Apart from the aforementioned performance increase, we also see that all the evaluation metrics present a knee at about 10 min, a threshold from which having more training data shows diminishing returns. This is also amazingly small compared to the training time for the English language, which was trained with 9.4 h and for 86 epochs, thus three times more epochs than the adaptation experiments. These results also indicate that transfer learning can overcome a lack of training epochs with random initialization.

When deploying a system into the real world it is important to consider the final conditions in which the system will work. In speech enhancement, one may be worried about the final noise conditions being quite different from the training ones, and whether the different types of noise in the training data are sufficient to generalize to such unseen noise. To quantitatively assess this situation we conduct Experiment 2 (section 3.2), whose results are depicted in figure 3. Strikingly, the objective test metrics do not present a dependence on the number of types of training noise. Whether the training is with English pre-training or from scratch, performance to unseen noises is not affected by the amount of training noises. The only difference between both versions seems to be in the variance of the results, with the scratch version presenting a much larger variance (vertical bars in the orange curves). This implies that, in the case of training from scratch, one should be careful in which types of noise are considered for training.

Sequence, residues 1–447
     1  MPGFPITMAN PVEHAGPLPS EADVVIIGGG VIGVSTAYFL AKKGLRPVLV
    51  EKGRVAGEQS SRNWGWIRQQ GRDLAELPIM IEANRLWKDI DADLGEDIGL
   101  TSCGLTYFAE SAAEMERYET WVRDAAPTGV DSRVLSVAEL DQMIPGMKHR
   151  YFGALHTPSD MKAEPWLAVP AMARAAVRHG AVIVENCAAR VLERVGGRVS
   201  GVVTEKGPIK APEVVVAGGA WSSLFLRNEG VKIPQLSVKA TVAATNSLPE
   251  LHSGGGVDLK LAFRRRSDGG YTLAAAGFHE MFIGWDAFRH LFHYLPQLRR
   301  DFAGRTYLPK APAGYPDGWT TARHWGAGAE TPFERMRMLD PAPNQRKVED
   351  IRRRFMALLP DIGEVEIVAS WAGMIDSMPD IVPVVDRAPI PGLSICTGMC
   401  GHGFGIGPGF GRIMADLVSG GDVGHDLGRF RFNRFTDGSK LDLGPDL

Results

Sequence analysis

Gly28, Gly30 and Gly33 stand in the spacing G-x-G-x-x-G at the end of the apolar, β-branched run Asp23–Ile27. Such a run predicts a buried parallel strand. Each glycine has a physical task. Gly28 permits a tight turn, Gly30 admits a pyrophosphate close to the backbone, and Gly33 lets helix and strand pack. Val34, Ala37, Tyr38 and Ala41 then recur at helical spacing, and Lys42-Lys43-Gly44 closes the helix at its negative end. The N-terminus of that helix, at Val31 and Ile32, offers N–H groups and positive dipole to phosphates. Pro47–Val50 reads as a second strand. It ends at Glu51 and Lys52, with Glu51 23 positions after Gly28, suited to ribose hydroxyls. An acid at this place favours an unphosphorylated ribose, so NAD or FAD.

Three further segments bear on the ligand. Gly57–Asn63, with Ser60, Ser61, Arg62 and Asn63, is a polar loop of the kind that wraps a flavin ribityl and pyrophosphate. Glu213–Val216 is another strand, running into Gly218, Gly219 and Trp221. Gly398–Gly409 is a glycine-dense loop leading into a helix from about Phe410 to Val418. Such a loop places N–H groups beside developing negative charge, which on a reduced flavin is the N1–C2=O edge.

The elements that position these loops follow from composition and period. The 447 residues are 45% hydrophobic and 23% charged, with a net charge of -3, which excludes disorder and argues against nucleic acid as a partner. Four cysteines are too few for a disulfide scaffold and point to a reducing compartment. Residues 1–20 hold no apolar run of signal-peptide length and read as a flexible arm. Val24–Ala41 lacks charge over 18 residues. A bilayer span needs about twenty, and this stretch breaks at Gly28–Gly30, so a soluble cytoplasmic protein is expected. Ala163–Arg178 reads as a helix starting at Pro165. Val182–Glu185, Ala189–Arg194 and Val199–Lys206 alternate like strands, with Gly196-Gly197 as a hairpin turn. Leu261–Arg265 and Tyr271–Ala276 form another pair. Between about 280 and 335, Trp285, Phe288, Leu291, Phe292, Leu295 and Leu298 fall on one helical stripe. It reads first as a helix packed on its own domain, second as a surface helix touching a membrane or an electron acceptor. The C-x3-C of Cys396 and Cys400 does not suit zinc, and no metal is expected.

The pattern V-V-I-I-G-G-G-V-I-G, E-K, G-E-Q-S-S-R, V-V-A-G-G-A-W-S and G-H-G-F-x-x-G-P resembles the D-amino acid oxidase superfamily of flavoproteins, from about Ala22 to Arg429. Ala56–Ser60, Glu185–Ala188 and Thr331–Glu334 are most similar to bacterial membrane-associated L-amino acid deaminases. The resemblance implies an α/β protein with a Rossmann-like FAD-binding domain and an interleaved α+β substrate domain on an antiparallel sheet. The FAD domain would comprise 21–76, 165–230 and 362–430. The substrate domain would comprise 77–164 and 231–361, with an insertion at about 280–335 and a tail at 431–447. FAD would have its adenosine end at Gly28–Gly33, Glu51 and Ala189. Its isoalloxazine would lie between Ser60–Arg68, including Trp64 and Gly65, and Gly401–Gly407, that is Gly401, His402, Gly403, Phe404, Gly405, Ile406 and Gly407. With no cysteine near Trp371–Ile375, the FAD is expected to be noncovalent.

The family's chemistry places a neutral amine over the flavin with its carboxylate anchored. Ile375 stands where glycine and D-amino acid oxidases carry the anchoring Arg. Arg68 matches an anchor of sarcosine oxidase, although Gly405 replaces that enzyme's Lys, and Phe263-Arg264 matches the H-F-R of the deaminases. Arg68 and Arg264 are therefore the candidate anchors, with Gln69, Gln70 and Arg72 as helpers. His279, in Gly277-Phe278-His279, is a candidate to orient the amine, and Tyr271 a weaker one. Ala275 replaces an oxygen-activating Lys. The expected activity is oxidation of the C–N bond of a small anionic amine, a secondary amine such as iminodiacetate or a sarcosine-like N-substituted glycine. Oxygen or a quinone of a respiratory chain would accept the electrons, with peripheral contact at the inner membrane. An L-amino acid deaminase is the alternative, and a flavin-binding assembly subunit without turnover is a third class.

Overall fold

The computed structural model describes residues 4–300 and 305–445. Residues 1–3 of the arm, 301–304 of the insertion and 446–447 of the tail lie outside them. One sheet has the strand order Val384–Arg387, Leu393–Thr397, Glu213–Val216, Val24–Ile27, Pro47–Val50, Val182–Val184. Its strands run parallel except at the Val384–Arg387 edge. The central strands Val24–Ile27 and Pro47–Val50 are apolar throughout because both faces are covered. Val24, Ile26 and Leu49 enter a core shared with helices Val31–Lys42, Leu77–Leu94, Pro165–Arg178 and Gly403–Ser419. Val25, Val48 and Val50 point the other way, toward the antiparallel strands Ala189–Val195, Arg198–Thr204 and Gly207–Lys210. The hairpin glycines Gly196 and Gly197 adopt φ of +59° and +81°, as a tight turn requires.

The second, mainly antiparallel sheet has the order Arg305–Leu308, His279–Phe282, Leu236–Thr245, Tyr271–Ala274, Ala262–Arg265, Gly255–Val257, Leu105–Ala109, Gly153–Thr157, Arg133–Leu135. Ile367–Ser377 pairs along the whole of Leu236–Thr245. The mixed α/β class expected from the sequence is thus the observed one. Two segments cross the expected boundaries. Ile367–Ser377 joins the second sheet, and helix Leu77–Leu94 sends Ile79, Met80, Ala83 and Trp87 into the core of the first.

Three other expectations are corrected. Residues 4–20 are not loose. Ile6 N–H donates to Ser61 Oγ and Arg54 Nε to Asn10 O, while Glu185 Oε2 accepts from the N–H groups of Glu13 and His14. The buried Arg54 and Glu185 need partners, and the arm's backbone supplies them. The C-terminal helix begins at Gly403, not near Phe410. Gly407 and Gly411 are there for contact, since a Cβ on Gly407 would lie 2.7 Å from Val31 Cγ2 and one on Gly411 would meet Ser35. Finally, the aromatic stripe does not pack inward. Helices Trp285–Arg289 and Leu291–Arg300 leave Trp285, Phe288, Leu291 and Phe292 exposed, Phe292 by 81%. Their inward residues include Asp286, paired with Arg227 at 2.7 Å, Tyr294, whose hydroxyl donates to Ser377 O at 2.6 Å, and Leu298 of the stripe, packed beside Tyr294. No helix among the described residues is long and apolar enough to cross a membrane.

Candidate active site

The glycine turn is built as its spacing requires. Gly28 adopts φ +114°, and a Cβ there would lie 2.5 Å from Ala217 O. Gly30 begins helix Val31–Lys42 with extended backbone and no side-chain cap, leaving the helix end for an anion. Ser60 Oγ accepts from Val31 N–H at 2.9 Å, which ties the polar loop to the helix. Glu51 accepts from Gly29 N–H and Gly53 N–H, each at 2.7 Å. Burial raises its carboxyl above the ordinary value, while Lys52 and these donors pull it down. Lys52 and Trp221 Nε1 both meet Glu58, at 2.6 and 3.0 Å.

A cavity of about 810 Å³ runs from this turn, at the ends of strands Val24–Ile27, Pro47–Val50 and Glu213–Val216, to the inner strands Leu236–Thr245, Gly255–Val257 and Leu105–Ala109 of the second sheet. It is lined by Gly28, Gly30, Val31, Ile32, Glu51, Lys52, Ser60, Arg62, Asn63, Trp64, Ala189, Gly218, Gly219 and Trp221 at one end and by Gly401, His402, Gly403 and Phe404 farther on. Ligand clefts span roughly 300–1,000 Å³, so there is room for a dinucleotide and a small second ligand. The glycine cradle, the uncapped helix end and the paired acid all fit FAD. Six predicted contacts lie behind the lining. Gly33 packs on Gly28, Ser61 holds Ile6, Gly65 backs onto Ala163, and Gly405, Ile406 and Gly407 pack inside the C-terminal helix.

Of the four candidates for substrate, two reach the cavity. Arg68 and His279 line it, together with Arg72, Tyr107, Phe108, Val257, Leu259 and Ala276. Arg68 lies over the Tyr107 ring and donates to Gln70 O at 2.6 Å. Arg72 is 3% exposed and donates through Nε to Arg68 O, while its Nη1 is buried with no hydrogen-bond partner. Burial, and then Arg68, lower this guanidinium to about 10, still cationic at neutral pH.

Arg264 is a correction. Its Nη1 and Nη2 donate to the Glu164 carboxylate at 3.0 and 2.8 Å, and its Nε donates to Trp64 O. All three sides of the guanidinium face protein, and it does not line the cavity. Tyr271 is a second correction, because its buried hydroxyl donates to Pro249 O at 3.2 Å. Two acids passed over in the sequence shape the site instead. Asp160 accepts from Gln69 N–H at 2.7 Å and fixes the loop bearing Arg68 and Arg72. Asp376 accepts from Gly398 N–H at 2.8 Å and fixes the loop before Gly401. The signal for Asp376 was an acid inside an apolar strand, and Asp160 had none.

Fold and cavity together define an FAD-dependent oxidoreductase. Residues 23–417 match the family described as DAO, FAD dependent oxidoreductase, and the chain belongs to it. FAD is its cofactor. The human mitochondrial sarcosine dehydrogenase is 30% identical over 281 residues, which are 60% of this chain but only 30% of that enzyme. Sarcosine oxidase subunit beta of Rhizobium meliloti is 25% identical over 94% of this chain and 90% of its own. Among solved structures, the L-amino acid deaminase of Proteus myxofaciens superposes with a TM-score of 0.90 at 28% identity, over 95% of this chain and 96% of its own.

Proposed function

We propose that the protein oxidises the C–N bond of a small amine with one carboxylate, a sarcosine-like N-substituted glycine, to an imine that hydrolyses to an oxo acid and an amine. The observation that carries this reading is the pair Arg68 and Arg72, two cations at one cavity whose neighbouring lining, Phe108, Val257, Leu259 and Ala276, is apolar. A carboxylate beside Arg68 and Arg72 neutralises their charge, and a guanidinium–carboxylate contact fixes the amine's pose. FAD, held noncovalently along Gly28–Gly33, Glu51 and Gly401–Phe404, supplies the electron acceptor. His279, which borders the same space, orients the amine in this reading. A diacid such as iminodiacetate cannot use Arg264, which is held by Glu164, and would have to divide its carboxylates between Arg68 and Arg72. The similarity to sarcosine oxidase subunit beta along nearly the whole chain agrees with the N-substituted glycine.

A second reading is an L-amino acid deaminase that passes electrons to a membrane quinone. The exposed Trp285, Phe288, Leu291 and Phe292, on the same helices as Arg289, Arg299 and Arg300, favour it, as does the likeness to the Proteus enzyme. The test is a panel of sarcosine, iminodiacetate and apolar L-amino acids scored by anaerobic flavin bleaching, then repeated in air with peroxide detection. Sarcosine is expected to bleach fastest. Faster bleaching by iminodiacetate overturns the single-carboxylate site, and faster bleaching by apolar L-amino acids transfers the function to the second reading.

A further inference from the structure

Fig. 3: Noise experiment results for Catalan (top row) and Korean (bottom row). Blue lines (preeng): Pre-trained with English. Orange lines (scratch): trained from scratch. Each line shows the resulting objective evaluation of a certain metric depending on the amount of training noises used to test the curve. The amount of noises ranges from 1 to 10, thus the total 10 available in the training set. Qualitatively similar plots were obtained for the PESQ, CSIG, and CBAK metrics.

Finally, we turn our attention to test noise types (figure 4). Here we also observe consistent behaviors between languages and metrics, with office and bus noise types performing best and street noise, living room, and cafe noises (in this order) performing worse. As a further, more anecdotal note, we see that office and bus noise seem to ‘cluster’ in some metrics (e.g., COVL) in the upper side of the plots, while street noise, living room, and cafe noises also ‘cluster’ in lower metrics.

Fig. 4: Performance on different test noise types. From top to bottom (first solid, then dashed lines), noise types correspond to: office (red), bus (blue), street (purple), living room (orange), and cafe (green) noises. Qualitatively similar plots were obtained for the PESQ, CSIG, and CBAK metrics.

5 Conclusions

We show that transfer learning is very efficient for inter-language speech enhancement by generative adversarial network. Pre-trained SEGAN with English achieves high performance even for short training time of Catalan and Korean (24 s) with unseen speakers and noise, driving to adaptability to low resource environments. We also find that the number of noise-type in training is not crucial factor to the performance of the speech enhancement. While training SEGAN is a difficult task, our results imply that one can detour the problem through transfer learning using a pre-trained network.